Sr. Diego Dedios prepares for the Marines

Sr. Diego Dedios prepares for the Marines

Alexis Wolbers

Every Thursday evening and Saturday morning, Sr. Diego Dedios heads to the Marine Corps office to workout with the recruiters and other teens enlisting in the military. It’s important that nobody is late to workouts otherwise there will be discipline.

   Dedios shows up early. With the sun beaming down and barely any shade, the teens sit on the hard road and stretch before they run 1.5 miles. Already drained from the running, the teens will take ammo cans filled with sand until they each weigh about 40 pounds, and put them over their heads. Then they will lift them over and over again until their arms can barely move. 

   Starting the process for enlisting into the Marines while still in high school is a big responsibility. Getting ready for the responsibility and hard work that comes with being a Marine takes dedication. However, for Dedios all this work is worth it for how much it could benefit him. “The sooner you join the higher rank you can have; the higher rank and power will give you the opportunity to make more money.” Starting early helps someone succeed faster than someone who enlists in their late 20s.

   Keeping up with school while handling working out with the Marines can be tough. Recruiters come by schools to see how the teens are doing in all of their classes. They will look up the names of all the boys and girls, and if they see someone who is not passing a class, they will pick them up after school, head back to the office, do a hard workout with them, then sit them down and help them with their classwork and hopefully get their grade up to an A.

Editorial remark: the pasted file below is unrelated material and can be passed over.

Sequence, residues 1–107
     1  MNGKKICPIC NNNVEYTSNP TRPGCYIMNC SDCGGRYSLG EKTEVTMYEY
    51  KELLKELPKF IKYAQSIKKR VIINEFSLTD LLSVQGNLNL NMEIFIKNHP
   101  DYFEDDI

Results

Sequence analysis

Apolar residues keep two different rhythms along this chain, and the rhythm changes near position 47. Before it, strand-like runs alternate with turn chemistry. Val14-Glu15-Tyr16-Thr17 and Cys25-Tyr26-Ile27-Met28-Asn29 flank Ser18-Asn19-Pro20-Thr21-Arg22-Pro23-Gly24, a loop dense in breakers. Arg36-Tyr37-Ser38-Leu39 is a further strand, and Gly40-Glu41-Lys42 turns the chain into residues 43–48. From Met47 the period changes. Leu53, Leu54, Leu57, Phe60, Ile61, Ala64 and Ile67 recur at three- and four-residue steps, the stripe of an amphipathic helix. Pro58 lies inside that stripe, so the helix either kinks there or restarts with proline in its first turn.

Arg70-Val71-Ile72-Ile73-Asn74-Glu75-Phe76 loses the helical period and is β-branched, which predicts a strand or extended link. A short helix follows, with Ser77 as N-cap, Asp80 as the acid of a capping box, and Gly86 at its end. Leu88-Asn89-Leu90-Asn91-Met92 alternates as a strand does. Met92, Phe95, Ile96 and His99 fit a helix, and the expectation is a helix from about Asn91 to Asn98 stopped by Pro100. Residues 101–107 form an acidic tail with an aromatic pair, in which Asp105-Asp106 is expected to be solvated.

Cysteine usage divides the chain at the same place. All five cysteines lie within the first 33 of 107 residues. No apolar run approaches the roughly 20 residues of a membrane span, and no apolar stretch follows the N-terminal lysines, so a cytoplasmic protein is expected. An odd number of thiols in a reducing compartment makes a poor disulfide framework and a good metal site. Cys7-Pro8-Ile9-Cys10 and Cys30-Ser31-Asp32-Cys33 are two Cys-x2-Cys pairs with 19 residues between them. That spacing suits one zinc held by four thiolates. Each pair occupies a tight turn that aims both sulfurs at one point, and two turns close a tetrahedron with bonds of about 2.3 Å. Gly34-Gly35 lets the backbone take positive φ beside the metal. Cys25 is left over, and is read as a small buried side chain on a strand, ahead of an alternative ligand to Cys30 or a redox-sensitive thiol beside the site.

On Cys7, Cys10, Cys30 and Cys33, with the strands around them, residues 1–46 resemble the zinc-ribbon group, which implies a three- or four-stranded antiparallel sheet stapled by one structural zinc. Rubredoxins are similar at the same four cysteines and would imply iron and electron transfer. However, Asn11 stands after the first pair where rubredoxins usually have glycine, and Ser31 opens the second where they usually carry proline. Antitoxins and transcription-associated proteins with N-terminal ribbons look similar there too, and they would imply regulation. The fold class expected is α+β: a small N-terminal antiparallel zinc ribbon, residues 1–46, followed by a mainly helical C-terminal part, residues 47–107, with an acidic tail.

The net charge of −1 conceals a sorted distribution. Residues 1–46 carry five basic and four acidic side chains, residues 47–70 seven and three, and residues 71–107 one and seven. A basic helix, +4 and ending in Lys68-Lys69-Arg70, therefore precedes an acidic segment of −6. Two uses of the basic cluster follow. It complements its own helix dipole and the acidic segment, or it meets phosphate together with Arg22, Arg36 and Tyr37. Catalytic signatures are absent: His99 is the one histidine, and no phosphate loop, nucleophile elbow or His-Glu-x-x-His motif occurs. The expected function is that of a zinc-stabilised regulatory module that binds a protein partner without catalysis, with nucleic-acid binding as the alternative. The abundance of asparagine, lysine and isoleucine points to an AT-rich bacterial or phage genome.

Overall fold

For Dedios this help from the Marines has been valuable. “I would say it helps a lot. They keep pushing you to do better, and it’s pretty helpful and encourages a lot of kids to keep working hard.” 

   Since Dedios was a kid, he knew he wanted to go into the military. His decision to enlist first started when he watched the action movie Lone Survivor. This interest progressed into him watching documentaries about Marines.

   He started to consider the Marines more seriously until eventually he walked into an office to talk to a recruiter. Dedios was filled with thoughts and emotions during that first meeting. He felt nervous yet excited to be finally talking to a recruiter, because Dedios knew this was what he wanted. “To where I got now to being a big part of everything. It’s going to be worth it no matter what,” said Dedios.

   For Dedios, working with the Marines is very serious. For his Military Occupational Specialty (MOS), he is going to be a part of 0311, which is the military code for the Infantry Rifleman. That means he will have to take even more specialty training after he enlists.

   Getting to know what MOS a person will take on is important. With over 180 jobs to pick from, it is crucial to consider the different responsibilities each MOS requires.

   On top of all of this, Dedios is also the squad leader for Holland, meaning he has the added responsibility of leading the group, planning the workouts, pushing others to do their best, and just all together being a good example to everyone at the office.

   Enlisting really changes a person for the better when they are learning self discipline and responsibility through lots of hard work. As Dedios puts it, “It’s life changing.”